ctest miscellania

Peter Dalgaard BSA p.dalgaard@biostat.ku.dk
09 Jan 1998 19:07:47 +0100

Sorry for leaving this one in my mail box for so long, but - well, I
suppose you know what I mean.

(I'm shifting it over to r-devel, so I'll include all your original

Kurt Hornik <hornik@ci.tuwien.ac.at> writes:

> Well, ctest is not making progress as quickly as I wanted it ...
> Anyway, here are a few questions/remarks.
> * I am still a bit confused about what binom.test() does.  For which
> test are the p-values computed?  In theory, ``the'' test to use would be
> the optimal unbiased one for one-parameter exponential families, which I
> think is not used ... also, this would be a randomized test, how is the
> p-value for such a test defined?  I should really appreciate someone
> helping me out on this.

I really don't think we should do randomized tests, except possibly as
an option. Different people getting different p-values for the same

If one must do it, I conjecture that one could get a "p-value" by
looking at x + runif(1,-.5,.5) and linearly interpolating between - er,
draw a picture of the density of the modified x and think about it...

> * I would still like to come up with rather general functions for
> 	location.test()
> 	scale.test()
> and perhaps some more ...  Some time ago, Peter and Tony Rossini and I
> had quite a vivid exchange of emails on this, but I seem to have lost
> our final findings (in case we ever got this far).
> Anyway, any input on this would be great.  Remember, the basic idea was
> to have a unified approach to e.g. several non-parametric tests for a
> difference in location or scale (rather than having mood.test,
> ansaribradley.test, vanderwaerden.test, ...).  However, as PD pointed
> out, it would be a bad idea to use this general scheme for tests which
> don't really fit in there (such as the Wilcoxon tests).  In fact, I seem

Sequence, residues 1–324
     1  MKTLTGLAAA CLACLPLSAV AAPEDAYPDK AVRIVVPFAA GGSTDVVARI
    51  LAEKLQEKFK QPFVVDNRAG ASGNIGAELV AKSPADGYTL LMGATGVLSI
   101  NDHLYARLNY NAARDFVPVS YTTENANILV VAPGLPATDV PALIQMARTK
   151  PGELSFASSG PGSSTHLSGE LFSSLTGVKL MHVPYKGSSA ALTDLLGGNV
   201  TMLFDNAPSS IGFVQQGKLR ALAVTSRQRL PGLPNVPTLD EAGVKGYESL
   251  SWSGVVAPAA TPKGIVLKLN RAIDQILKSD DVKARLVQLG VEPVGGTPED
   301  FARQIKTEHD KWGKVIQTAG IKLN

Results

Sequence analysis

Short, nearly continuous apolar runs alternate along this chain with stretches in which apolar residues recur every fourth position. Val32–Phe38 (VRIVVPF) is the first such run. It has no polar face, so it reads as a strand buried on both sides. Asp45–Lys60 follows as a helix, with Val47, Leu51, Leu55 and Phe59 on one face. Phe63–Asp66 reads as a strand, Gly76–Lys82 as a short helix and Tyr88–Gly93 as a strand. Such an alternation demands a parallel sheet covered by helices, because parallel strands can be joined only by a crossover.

> to remember that one issue was whether there are any tests which really
> are location or scale tests ...

I think the main point was that they're not *median* tests,
(irrespective of what the SAS output says!) "Location test" is
probably OK. My basic worry was the risk of losing the simplicity of
having well known standard tests called simply t.test(),
wilcoxon.test(), in favour of a perhaps unnecessarily abstract
taxonomy. Of course there's always the possibility to do things like

spearman.test(...) <- function(...) cor.test(..., method="spearman")


> * Speaking of the Wilcoxon tests, I still need to add exact computations
> for the small-sample cases.  Does anyone have code or algorithms for
> doing that?

Signed rank is trivial, you just generate the 2^k different sign
patterns and look at the distribution of the sums. Even in interpreted
code, this can be done for k up to 16 or so, at which point the
difference from the approximation is immaterial. The bit patterns are
simply all binary numbers between 0 and 2^k-1.

The two-sample case is a bit more unwieldy...

> * I also mentioned some time ago that I'd like to make Fisher's test
> available for tables larger than 2 by 2.  There is an implementation
> (FEXACT) of the Mehta and Patel algorithm available via APSTAT (I
> think).  However, when I last used it (for an association analysis of a
> gene with 12 alleles) it could not deal with the ``large'' 12 by 2
> table.  (More precisely, it can deal with it after enlarging some size
> parameters in the sources and recompiling, but that's not the smart
> wayof doing things ...)  Again, does anyone have a suggestion what to do
> here?  (FEXACT has a ``mixed'' method of dealing with larger tables, but
> it seems stupid to have an R function which may produce a message like
> ``no, I need more memory ... please try to change param XYZ and then
> recompile''.)

If one can precompute the size of the array, one can usually allocate
it in R and pass it as a parameter instead.

As you know, *my* main desires for ctest is to allow model formula
specifications for all of the common tests (for consistency), and in
the slightly longer run also include trend tests and stratification.

   O__  ---- Peter Dalgaard             Blegdamsvej 3  
  c/ /'_ --- Dept. of Biostatistics     2200 Cph. N   
 (*) \(*) -- University of Copenhagen   Denmark      Ph: (+45) 35327918
~~~~~~~~~~ - (p.dalgaard@biostat.ku.dk)             FAX: (+45) 35327907

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